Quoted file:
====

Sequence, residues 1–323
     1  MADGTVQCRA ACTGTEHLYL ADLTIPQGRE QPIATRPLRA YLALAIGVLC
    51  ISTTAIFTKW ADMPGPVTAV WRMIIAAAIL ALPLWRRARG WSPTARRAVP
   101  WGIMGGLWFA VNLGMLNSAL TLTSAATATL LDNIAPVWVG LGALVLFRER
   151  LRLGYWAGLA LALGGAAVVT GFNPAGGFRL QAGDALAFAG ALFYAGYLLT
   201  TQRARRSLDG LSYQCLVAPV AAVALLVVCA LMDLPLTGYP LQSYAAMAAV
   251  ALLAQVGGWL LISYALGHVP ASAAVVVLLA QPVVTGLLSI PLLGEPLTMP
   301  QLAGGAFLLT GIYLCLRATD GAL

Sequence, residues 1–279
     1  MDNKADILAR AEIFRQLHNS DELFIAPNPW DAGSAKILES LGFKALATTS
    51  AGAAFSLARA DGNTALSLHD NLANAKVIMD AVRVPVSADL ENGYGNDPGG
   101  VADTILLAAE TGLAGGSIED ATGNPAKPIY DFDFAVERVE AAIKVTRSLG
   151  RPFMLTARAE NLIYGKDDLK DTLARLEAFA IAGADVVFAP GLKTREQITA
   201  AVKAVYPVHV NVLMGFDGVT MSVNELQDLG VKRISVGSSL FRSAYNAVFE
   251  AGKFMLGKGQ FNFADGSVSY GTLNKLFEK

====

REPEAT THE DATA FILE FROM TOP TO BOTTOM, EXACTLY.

Sequence, residues 1–323
     1  MADGTVQCRA ACTGTEHLYL ADLTIPQGRE QPIATRPLRA YLALAIGVLC
    51  ISTTAIFTKW ADMPGPVTAV WRMIIAAAIL ALPLWRRARG WSPTARRAVP
   101  WGIMGGLWFA VNLGMLNSAL TLTSAATATL LDNIAPVWVG LGALVLFRER
   151  LRLGYWAGLA LALGGAAVVT GFNPAGGFRL QAGDALAFAG ALFYAGYLLT
   201  TQRARRSLDG LSYQCLVAPV AAVALLVVCA LMDLPLTGYP LQSYAAMAAV
   251  ALLAQVGGWL LISYALGHVP ASAAVVVLLA QPVVTGLLSI PLLGEPLTMP
   301  QLAGGAFLLT GIYLCLRATD GAL

Sequence, residues 1–279
     1  MDNKADILAR AEIFRQLHNS DELFIAPNPW DAGSAKILES LGFKALATTS
    51  AGAAFSLARA DGNTALSLHD NLANAKVIMD AVRVPVSADL ENGYGNDPGG
   101  VADTILLAAE TGLAGGSIED ATGNPAKPIY DFDFAVERVE AAIKVTRSLG
   151  RPFMLTARAE NLIYGKDDLK DTLARLEAFA IAGADVVFAP GLKTREQITA
   201  AVKAVYPVHV NVLMGFDGVT MSVNELQDLG VKRISVGSSL FRSAYNAVFE
   251  AGKFMLGKGQ FNFADGSVSY GTLNKLFEK